In the early 1990s, I was working for the National Organization for Bible Translation and Literacy in Burkina Faso. Among other things, I worked with the African translators. Among them was Nicolas who was working in his language, Winye, in the town of Ouri.
One day Nicolas came to me at the office in Ouagadougou with a proposal to have a telephone put in the translation office in Ouri, saying that there was a phone in the police station not far away. After getting an estimate, we asked the phone company to install the phone. A few weeks later Nicolas was again in Ouagadougou for consultations when he told me that the phone had been installed. “Great”, I said, “What is the phone number? His response was “5”.
I just looked at him. “How can I dial just 5?”, I exclaimed. “Oh”, he said. “It is a manual phone exchange, so you have to call the operator, tell her you want number 5 in Ouri. She will take your number and call you back when she makes the connection.”
A few days later when Nicolas was back in Ouri, I decided to try the new phone. It worked just like Nicolas said. I called the operator, asked for #5 in Ouri, she took my number and called me back in a few minutes. “I have your party in Ouri” she said. I started talking. But it was not Nicolas! The fun started.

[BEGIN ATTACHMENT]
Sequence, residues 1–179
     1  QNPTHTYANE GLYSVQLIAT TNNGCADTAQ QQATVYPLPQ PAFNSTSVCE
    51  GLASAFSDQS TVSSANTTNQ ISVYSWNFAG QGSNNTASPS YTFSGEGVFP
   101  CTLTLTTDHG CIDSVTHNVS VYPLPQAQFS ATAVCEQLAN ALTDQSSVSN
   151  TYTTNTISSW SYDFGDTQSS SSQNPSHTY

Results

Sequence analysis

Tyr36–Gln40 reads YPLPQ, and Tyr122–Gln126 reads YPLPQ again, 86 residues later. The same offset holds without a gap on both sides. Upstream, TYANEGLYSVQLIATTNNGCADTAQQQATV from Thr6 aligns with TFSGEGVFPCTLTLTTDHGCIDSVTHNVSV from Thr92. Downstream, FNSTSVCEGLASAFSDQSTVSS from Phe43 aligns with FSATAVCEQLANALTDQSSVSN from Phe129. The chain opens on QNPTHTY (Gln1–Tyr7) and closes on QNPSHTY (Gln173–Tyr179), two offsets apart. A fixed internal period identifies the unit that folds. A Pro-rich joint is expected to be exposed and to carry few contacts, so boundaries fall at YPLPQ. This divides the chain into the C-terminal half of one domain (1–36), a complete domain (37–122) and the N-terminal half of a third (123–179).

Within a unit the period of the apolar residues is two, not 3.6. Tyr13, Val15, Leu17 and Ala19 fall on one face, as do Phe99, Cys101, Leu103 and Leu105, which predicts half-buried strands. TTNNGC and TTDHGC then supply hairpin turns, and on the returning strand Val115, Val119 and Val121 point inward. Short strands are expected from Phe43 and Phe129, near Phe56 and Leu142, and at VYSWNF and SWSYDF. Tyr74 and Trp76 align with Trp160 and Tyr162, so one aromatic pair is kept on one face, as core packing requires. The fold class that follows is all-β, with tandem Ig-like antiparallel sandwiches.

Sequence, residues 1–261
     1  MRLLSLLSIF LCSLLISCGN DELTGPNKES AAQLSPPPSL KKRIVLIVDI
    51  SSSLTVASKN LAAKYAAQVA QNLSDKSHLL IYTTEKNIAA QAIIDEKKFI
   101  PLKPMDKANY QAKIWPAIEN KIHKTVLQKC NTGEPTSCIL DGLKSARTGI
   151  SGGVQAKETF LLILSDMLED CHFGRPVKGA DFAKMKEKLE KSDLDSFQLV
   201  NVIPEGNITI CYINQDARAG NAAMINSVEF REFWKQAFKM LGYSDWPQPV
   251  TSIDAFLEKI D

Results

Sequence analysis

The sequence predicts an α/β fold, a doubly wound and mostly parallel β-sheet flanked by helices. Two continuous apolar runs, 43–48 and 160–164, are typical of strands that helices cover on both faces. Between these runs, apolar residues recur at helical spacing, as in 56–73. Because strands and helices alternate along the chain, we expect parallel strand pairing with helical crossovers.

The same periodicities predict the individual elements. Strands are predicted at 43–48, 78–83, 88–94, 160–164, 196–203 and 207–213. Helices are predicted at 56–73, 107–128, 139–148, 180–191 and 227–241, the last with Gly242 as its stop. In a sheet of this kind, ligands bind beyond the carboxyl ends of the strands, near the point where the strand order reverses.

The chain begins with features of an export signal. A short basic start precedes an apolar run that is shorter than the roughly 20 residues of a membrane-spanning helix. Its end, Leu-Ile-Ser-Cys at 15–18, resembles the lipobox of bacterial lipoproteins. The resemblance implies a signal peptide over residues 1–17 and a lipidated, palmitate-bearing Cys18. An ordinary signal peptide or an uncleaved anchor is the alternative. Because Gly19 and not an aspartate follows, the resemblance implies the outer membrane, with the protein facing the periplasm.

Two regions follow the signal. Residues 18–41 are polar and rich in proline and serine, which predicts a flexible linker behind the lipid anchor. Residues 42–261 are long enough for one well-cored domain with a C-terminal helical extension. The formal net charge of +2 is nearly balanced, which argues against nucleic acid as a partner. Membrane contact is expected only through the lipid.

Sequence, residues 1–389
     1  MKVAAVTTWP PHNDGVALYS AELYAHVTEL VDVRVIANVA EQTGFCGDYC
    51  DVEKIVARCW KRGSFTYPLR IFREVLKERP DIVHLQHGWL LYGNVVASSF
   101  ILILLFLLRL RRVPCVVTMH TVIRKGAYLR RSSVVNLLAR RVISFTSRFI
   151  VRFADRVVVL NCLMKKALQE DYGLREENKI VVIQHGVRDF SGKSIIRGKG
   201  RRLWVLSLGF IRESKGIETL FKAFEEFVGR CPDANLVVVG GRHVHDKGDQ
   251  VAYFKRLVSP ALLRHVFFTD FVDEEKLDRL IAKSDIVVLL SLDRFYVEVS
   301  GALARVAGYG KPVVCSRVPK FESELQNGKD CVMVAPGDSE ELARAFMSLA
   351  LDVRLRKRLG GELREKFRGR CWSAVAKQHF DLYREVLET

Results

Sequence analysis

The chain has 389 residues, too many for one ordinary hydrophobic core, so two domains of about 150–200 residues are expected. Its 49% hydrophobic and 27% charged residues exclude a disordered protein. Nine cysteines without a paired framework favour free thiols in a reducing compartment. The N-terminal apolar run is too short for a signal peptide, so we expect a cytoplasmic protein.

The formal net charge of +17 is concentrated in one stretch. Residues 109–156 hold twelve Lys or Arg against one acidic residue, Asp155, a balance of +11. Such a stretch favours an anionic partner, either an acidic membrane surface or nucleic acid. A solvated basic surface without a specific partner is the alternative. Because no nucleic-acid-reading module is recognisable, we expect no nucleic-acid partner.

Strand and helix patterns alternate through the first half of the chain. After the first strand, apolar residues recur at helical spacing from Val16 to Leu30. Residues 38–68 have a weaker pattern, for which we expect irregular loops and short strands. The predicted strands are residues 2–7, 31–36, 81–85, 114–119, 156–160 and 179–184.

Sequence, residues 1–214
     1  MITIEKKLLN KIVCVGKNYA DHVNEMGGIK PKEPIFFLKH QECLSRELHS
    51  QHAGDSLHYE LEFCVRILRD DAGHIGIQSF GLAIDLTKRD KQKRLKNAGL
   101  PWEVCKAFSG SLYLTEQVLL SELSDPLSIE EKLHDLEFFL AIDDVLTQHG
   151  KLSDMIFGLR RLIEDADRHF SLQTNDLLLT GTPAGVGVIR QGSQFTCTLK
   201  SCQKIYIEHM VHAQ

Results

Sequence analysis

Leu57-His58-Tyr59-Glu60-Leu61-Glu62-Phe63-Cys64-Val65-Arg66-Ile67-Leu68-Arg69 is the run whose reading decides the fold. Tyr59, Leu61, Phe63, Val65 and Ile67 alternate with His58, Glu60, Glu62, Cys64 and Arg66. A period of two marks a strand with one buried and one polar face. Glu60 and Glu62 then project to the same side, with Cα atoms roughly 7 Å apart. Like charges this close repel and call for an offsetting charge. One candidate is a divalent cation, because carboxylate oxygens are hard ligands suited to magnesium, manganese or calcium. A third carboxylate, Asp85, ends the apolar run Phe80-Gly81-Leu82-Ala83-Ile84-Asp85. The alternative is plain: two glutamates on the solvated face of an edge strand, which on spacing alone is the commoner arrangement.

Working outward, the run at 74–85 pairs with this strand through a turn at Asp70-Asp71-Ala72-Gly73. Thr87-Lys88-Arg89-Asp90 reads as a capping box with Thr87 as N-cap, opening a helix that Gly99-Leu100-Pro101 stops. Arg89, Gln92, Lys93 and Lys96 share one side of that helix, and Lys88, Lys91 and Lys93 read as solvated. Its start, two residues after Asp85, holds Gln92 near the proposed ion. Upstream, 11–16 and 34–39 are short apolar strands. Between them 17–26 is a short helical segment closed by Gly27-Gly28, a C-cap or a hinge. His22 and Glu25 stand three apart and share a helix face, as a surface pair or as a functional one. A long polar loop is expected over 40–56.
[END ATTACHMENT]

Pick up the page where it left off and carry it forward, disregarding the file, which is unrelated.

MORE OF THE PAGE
“To whom am I speaking?”, I asked.
“Oh, to the operator in Ouri”, the reply came back.
“Okay, I would like to be connected to #5, please”
“Yeah, I know. But just before your call came I saw Nicolas leave the office. I can see his office out my window.”
“Oh, so now what?
“I can take a message”
I started dictating the message. It was slow and tedious. Part way through I could hear the phone being set down, some scuffling and then in a loud yell:
“Nicolas, I have your boss on the phone. He wants to talk to you.”
(I presumed that he was yelling this out the window at Nicolas who was returning to the office.)
And so I got to speak to Nicolas.
A few months later Nicolas was again in Ouagadougou. He told me that the old manual phone exchange had been replaced with an automatic one. So the Winye translation office now had a real phone number. I wrote it down, looked at it and thought, “This is not going to be nearly as much fun.”
When I tell this story to Americans of a certain age, they tell me about how their phone operators used to do all kinds of things for their clients, back in the day.
Hi, Ed, this is a delightful story. I, too, had a few interesting phone adventures in Africa! Great memories!
Blessings to you and Dayle.
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